This was all done very quickly with an attitude of play and "what can I notice?" I didn't worry about smoothing edges or hiding my brush strokes. I love seeing my brush strokes when I do this. They leave a trail that shows me how I was thinking at the moment.

I hope you have some time to play with paint this weekend, regardless of the type of paint you're using. I also hope that at least for one sketch you can let yourself go and not worry about your dirty brush (interesting things can happen) and not worry about making a perfect picture. Just work as hard as you can with your full attention, and ask yourself: "What can I notice?"

What can I notice about: the paint, the water amount needed (if the paint is watersoluble) in the brush or the paint; the paper, it's ability to take water, the length of time it takes to dry, the point at which I can add more paint to the paper (when I want to blend, when I want to cover, when I want to cover with a dry-brush effect on the final stroke; how dry paint has to be before I can go over it and not pick it up, pick it up slightly, be able to blend it smoothly (and how does the paper and paint on the paper look at each of those moments); what types of brushes make the types of strokes I want, how did I angle the brush to get that stroke; how can I make this form move away from me and look dimensional; how dark is this value; can I hide this pen line; do I want to hide this pen line; do I want to work in pencil because it will be easier to hide my lines; what works and what doesn't work; what do I want to try again; how does working large help or hinder me?

You get the idea. Have a fun weekend sketching and painting.

 

    • Margo
    • June 14, 2013
    Reply

    What a fabulous portrait of Miss Angela, I recognized her immediately!

    I decided the whole false economy issue was at work here and in the midst of downscaling, again, I tossed all of my crappy gouache. Now when time permits I can relearn to use the good stuff, I think the learning curve might be a bit smaller. Thanks.

    Oh and a movie I had fun sketching from this week was The Mill and the Cross, about Bruegel, with Rutger Hauer, Charlotte Rampling & Michael York, lots of fun period costumes too if that floats your boat. Rampling’s face swathed in a veil and wimple was divine to do!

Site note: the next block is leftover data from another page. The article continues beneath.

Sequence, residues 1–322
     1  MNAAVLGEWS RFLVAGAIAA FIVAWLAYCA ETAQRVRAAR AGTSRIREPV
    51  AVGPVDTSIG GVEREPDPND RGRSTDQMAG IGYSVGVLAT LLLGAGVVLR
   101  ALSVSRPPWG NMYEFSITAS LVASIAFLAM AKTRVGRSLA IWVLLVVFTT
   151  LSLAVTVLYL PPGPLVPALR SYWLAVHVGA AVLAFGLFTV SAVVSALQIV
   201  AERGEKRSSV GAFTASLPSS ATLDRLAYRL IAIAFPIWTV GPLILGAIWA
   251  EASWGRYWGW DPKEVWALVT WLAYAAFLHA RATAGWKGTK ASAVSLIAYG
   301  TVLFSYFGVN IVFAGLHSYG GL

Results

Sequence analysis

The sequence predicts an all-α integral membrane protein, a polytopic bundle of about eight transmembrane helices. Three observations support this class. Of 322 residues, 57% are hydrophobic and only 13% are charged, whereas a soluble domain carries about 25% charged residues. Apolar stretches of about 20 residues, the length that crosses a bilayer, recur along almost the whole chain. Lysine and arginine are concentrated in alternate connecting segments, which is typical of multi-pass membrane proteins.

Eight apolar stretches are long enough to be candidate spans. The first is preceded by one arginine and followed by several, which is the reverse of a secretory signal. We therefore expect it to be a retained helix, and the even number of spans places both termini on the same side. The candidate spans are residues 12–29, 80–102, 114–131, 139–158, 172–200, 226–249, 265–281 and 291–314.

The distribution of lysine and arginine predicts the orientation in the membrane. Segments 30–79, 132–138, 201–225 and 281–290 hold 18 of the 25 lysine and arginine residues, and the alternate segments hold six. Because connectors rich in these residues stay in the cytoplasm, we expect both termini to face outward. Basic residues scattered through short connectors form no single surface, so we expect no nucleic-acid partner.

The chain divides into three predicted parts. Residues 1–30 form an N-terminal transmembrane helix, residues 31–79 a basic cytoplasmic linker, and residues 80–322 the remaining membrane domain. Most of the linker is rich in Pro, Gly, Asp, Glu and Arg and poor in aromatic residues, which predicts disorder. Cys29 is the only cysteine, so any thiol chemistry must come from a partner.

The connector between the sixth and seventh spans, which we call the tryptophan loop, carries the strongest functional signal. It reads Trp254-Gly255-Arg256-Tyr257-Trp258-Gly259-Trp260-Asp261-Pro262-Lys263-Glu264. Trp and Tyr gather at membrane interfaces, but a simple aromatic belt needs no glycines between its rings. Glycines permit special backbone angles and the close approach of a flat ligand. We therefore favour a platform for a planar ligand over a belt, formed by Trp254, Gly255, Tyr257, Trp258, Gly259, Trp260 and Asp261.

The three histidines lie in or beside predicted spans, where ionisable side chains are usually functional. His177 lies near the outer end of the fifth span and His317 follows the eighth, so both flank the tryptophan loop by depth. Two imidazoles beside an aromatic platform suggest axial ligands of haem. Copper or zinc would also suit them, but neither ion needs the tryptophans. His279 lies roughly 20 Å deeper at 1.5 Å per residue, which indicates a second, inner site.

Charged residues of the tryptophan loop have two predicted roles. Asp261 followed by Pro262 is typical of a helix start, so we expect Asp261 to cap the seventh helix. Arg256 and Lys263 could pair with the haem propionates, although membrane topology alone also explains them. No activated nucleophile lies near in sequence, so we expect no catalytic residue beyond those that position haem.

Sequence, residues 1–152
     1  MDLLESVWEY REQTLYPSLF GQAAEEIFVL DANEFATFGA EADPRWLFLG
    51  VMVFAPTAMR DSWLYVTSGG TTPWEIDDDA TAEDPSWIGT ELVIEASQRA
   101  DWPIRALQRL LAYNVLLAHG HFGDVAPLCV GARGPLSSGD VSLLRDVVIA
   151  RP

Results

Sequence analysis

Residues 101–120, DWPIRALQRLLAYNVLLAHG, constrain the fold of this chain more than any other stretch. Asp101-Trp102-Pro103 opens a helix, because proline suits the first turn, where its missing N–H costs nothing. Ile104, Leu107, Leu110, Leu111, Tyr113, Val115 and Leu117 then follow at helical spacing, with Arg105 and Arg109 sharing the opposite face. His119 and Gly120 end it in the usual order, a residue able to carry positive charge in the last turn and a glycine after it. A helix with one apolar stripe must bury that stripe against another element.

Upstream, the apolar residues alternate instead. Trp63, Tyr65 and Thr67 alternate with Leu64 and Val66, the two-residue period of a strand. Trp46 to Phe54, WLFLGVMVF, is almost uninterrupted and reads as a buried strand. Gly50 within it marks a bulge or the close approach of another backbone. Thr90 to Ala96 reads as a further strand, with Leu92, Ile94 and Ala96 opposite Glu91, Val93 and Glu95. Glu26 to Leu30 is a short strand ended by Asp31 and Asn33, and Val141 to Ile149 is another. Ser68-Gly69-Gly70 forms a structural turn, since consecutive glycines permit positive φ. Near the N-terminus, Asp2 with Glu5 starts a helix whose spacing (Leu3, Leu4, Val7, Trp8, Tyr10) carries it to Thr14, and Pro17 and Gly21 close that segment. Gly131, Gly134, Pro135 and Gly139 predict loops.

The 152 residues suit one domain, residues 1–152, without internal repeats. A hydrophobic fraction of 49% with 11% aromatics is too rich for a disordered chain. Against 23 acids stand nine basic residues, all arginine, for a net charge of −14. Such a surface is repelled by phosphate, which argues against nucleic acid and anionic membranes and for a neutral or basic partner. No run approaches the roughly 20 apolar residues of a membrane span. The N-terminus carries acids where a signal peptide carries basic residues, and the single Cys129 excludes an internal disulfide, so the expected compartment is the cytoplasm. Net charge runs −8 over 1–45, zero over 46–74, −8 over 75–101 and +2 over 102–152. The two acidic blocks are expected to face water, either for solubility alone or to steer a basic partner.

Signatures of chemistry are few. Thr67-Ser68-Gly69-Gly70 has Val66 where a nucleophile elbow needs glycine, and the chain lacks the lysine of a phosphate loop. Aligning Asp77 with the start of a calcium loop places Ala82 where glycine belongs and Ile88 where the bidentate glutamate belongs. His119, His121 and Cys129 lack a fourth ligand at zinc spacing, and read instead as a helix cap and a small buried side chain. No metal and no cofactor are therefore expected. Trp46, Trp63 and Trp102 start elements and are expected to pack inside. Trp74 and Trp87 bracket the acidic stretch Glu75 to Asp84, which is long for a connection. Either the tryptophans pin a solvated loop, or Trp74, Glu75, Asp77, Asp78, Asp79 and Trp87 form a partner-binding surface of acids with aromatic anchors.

1. Reply

    LOVE THIS PALETTE and the level of spatial depth you achieve. Know it was ANGELA before I read the post. The eyes and set of the chin are spot on!
    I think I will rent the PRIME OF MISS JEAN BRODIE to draw because MAGGIE SMITH has another one of those great expressive faces with eyes that have seen it all.

    Must see that film noted by Margo above: love a painter movie!

  2. Reply

    Glad you enjoyed this one Margo. I’m so glad you decided the false economy thing was holding you back and are going to give good brands of gouache a shot! Just get a limited palette to test out, in either Schmincke or M. Graham gouache, and see what you can do.

    I have not seen the Mill… but it sounds very interesting and I’ll have to check it out.Wimples would be fun! Thanks for the heads up.

  3. Reply

    Ellen, glad you liked this one. I don’t normally use Phthalo blue so it’s a bit startling for me to look at this. But now that I’ve gone back to my regulars in Schmincke and M. Graham I’m thinking maybe I could sneak in a little Phthalo Blue. I’ve been using a lot more cobalt.

    Maggie Smith does have a fantastic face. I love that movie for a host of reasons.

    I enjoy movies about painters as well—though they aren’t always well done. But when they are it’s great fun to see them. I feel a list coming on…

    • Margo
    • June 15, 2013
    Reply

    Hmmm…looking forward to the list.

Leave a Reply

Your email address will not be published. Required fields are marked *

This site uses Akismet to reduce spam. Learn how your comment data is processed.

RozWoundUp
Close Cookmode

Pin It on Pinterest